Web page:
Quercetin (QR) is a strong antioxidant and a major bioflavonoid found in a variety of foods including apples, berries, brassica vegetables, grapes, onions, and tomatoes, as well as medicinal botanicals including Ginkgo Biloba (GB).[5] Although the average daily intake of QR from food sources ranges from 5 to 40 mg, it is also available as a dietary supplement in oral formulations with a recommended daily dose of 1000 mg or more.[6] Recently, QR has gained great scientific and clinical interests since it can improve mental/physical performance and decrease infection risk added to potential benefits to overall health, such as anticarcinogenic, anti-inflammatory, antioxidant, inhibition of lipid peroxidation, platelet aggregation, and capillary permeability.[6] For example, daily consumption of 500 mg QR for 8 weeks by 50 women with rheumatoid arthritis resulted in significant improvements in clinical symptoms, disease activity, high-sensitivity tumor necrosis factor-α, and erythrocyte sedimentation rate.[7] Despite the several clinical trials and animal experimentations suggesting that QR may be a promising natural treatment for and prophylaxis against several chronic illnesses, the impact of QR on human drug metabolizing enzymes is underreported.

The seeds of Nigella sativa, also known as the black seeds, is a herb that is believed to have healing powers in the Islamic tradition and have long been used in folk medicine in the middle and far east as a traditional medicine to treat a wide range of illnesses including allergy, bronchial asthma, headache, infections, obesity, back pain, hypertension, and gastrointestinal problems.[8] Thymoquinone (TQ), the most active ingredient in N. sativa seeds, has demonstrated effects in reducing oxidative stress and the probability of developing cancer.[1] Its safety measured by normal liver enzymes was reported, while its effect on human CYP enzymes has not been documented to our knowledge.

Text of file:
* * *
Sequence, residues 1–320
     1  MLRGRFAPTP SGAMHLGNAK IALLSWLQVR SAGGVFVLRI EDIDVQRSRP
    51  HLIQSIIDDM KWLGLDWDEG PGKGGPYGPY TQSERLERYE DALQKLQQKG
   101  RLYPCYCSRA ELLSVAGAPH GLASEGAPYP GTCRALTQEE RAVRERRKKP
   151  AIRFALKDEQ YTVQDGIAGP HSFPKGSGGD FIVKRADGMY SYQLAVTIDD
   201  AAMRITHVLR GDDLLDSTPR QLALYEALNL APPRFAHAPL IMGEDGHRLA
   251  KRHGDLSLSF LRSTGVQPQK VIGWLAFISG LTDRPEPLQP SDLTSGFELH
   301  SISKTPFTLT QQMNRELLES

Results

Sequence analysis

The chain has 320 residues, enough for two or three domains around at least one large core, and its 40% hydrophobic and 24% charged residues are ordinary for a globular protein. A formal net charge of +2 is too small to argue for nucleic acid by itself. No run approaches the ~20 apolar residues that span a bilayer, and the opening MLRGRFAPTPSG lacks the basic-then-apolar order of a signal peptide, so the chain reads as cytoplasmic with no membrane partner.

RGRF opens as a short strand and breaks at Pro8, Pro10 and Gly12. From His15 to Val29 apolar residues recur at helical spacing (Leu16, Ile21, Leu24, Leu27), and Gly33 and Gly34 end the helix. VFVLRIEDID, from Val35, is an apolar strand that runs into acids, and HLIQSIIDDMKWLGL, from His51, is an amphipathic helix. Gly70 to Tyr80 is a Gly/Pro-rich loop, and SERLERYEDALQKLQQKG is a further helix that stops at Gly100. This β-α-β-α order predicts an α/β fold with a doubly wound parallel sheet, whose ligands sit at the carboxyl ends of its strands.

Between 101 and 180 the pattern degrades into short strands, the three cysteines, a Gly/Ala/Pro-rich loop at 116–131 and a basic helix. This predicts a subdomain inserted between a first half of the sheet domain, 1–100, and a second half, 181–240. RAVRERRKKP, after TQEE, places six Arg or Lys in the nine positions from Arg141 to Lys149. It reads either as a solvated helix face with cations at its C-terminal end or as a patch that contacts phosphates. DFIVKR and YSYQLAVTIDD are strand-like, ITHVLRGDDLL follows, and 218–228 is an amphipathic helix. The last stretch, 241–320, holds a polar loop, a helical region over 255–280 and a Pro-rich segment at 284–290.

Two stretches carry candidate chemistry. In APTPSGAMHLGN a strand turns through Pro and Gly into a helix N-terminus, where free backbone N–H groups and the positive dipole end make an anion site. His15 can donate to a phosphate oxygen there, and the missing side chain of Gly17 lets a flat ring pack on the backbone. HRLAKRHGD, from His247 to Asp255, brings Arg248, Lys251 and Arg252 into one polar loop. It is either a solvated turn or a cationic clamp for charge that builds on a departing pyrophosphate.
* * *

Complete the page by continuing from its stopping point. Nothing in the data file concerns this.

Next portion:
If there is widespread consumption of QR and TQ because of their health-promoting effects, then there should be some understanding of how these herbal remedies may affect drug-metabolizing enzymes. The importance of this is emphasized by the findings that certain phytochemicals in vegetables and fruits have the capacity to modulate drug-metabolizing enzymes and significantly affect pharmacokinetics, and hence pharmacodynamics, of concomitantly administered medications.

Therefore, this study was undertaken to investigate the potential inhibitory effect of QR and TQ on CYP enzymes using recombinant human CYP isoforms by investigating the in vitro effect of QR and TQ on the activities of human CYPs 1A2, 2C19, 2D6, 2E1, and 3A4 enzymes. In our studies, we measured the half maximal inhibitory concentration (IC50) which is a quantitative measurement of the concentration of needed to cause 50% inhibition of the CYP activity.

 Materials and Methods

These assays were carried out using high throughput inhibitor screening assay kits from BD Gentest ™ (Woburn, Suite Tewksbury, MA) and performed according to the provided protocol. The kits contained cDNA-expressed recombinant human CYP enzymes (CYP1A2, CYP2C19, CYP2D6, or CYP3A4) produced by baculovirus-infected insect cells, buffer solution (0.5–1 M potassium phosphate buffer, pH 7.4), stop reagent (Tris base), cofactors (nicotinamide adenine dinucleotide phosphate, MgCl2, and glucose 6-phosphate), glucose 6-phosphate dehydrogenase, and CYP-selective fluorogenic substrates and metabolites [Table 1]. CYP-selective positive control inhibitors were either provided with the kit or purchased from Sigma-Aldrich (St. Louis, USA). Fluorimetric assays were performed using flat-bottom black 96-well plates (Greiner Bio-one, Germany), and the fluorescence intensity was measured using a BioTek Synergy microplate reader (Winooski, VT).{Table 1}

Screening for CYP2E1 inhibition was conducted using chlorzoxazone as a selective substrate and measuring the formation of 6-hydroxyxhlorzoaxazone as described previously.[9]

QR (purity ≥99%, high-performance liquid chromatography [HPLC]), TQ (purity ≥95%, HPLC), chlorzoxazone (purity ≥98%, HPLC), (6 OH chlorzoxazone) (purity ≥98%, HPLC), and 1-aminobenzotriazole (purity ≥95%, HPLC), were purchased from Sigma-Aldrich (St. Louis, USA). All solvents used for sample preparation were either HPLC or analytical grade.